Nampa School District

Nampa School District
Using Gaggle to Combat its State’s High Suicide Rates

Challenge (Puzzle)


The second-leading cause of death for Idahoans aged 15- to 34-years-old, suicide touches many educational institutions, students, and families every year.

Solution (Wrench)


Create a multifaceted approach to suicide prevention that includes district staff, the community, and a student safety platform.

Results (Star)


The district has intervened in and prevented numerous potential acts of suicide since implementing a more rigorous approach to suicide prevention about two years ago.

Using Gaggle to Combat its State’s High Suicide Rates

A leading concern for schools nationwide, youth behavioral health is of particular importance for educational institutions in Idaho. The second-leading cause of death for Idahoans aged 15- to 34-years-old, suicide touches many educational institutions and their students and families every year in a state where the suicide rate is 58% higher than the national average.

Nampa School District is no exception and is working to help students successfully balance the demands of a good education with healthy behaviors in a region of the country where that’s not always easy to attain. “The Intermountain West has the highest suicide rates nationally, year after year,” said Kathleen Tuck, Director of Communications and Community Relations.

“For years,” commented Tuck, “we’ve been addressing the problem and coming up with different ways to handle it. In our area, certain school districts have experienced multiple suicides within a year’s time, so it’s something we’re very aware of.”

Listening to the Chatter
For Nampa School District, the need for a more targeted suicide prevention approach came about 18 months ago, following the death of a student whose parents both worked in the district. “There was already work happening around this, but not with the intentionality that emerged after this particular
incident,” said Tuck.

The school district and its superintendent immediately convened a group to start assessing the crisis to see how it could be more formally addressed. Nampa School District called upon community members for help during this process, which included an expert panel Q&A on some of the myths behind suicide.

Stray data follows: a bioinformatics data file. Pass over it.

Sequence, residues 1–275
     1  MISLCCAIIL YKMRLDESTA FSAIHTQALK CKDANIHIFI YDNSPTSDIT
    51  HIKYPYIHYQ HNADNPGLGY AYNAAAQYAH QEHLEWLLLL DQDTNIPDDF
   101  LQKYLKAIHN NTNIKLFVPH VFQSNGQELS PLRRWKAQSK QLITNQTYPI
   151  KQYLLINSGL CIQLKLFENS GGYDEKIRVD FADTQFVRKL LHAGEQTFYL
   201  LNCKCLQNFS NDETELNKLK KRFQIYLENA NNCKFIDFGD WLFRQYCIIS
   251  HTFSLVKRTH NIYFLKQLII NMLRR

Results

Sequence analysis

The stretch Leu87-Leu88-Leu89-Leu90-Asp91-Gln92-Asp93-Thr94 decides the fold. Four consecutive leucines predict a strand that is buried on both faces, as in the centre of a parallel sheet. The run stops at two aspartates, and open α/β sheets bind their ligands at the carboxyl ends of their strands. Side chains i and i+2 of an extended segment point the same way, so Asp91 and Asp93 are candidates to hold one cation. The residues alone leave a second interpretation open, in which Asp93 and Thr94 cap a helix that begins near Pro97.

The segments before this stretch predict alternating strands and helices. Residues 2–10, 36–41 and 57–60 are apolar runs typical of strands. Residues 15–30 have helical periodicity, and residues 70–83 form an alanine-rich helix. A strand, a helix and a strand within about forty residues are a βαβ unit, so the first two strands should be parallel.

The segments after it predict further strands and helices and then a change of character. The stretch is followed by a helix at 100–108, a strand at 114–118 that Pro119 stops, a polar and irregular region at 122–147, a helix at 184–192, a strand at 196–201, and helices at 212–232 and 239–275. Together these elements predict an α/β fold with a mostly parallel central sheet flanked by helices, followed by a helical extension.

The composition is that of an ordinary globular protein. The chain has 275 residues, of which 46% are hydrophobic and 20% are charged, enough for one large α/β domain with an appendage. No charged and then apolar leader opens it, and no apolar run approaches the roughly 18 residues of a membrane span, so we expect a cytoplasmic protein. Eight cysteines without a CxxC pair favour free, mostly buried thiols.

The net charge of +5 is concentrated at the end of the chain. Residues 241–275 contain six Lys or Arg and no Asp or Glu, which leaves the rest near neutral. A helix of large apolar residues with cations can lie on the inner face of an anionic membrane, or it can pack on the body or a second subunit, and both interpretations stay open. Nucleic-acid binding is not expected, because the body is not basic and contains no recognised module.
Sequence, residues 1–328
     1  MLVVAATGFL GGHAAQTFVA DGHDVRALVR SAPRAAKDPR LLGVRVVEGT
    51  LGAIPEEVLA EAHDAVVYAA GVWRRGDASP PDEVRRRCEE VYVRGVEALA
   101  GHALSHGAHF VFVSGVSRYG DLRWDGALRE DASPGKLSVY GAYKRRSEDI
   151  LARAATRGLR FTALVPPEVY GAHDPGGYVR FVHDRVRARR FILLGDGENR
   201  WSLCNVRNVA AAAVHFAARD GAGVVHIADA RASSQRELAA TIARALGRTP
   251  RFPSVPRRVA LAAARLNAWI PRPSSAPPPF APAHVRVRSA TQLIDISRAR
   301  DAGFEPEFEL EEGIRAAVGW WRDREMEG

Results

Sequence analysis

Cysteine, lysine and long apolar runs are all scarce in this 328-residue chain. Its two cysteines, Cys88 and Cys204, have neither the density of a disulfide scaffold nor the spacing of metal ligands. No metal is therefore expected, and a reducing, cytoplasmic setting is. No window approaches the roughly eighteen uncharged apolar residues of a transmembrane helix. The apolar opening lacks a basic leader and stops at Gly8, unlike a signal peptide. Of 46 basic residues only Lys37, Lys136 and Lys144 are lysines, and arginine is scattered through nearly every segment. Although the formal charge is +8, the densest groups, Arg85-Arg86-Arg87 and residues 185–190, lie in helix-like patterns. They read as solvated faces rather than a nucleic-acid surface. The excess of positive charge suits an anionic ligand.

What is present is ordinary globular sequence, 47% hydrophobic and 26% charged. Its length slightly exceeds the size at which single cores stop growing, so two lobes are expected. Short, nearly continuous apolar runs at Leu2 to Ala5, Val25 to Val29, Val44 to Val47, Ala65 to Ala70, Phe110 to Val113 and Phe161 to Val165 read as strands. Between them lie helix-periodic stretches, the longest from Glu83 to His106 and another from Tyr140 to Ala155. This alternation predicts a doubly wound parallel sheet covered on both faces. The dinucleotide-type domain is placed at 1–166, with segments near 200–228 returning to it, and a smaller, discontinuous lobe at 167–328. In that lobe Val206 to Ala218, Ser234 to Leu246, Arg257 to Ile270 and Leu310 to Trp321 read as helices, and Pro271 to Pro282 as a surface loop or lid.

Concurrently, the district itself was working internally to better address suicide prevention. Focused on a multi-sector, multi-faceted approach, the district learned about the Gaggle student safety platform and was instantly interested in learning more about it. In place for two years, the platform helps the district identify students who might be in trouble and in need  of help.

“Our counselors and teachers are all trained on what to look for and have intercepted several communications and secured help for the students who were involved,” Tuck explained. “One of our main uses of the platform involves listening to a lot of the digital chatter that prompts us to intervene and stop suicides.”

“We’re Not Going to Let This Happen”
Knowing the risks that its students face, and the fact that their socioeconomic status may be more challenging than that of students in other areas, the Nampa School District staff take a proactive approach to preventing suicides, self-harm, violence against others, and other tragic events from occurring. “We decided that we’re not just going to sit back and let this happen,” stated Tuck. “We’re going to figure out a way to deal with it effectively.”

Gaggle has proven itself as a valuable tool in this mission. “It’s a way of helping to identify the high-risk students; we have counselors and administrators who are on the lookout,” Tuck explained. The district also recently launched a new suicide prevention training program that’s focused on ensuring that everyone in the district knows the signs to watch out for and how to successfully intervene as needed.

The district has also done a great job of getting community buy-in for these and other behavioral health-related efforts. “Our goal is to keep kids safe. Nampa is a growing community with some pretty old-fashioned values,” Tuck said. “We’re just capitalizing on that and reminding people that it’s not just the Nampa School District and the city of Nampa. We’re all one here, so what happens in our schools is really an issue for the whole community.”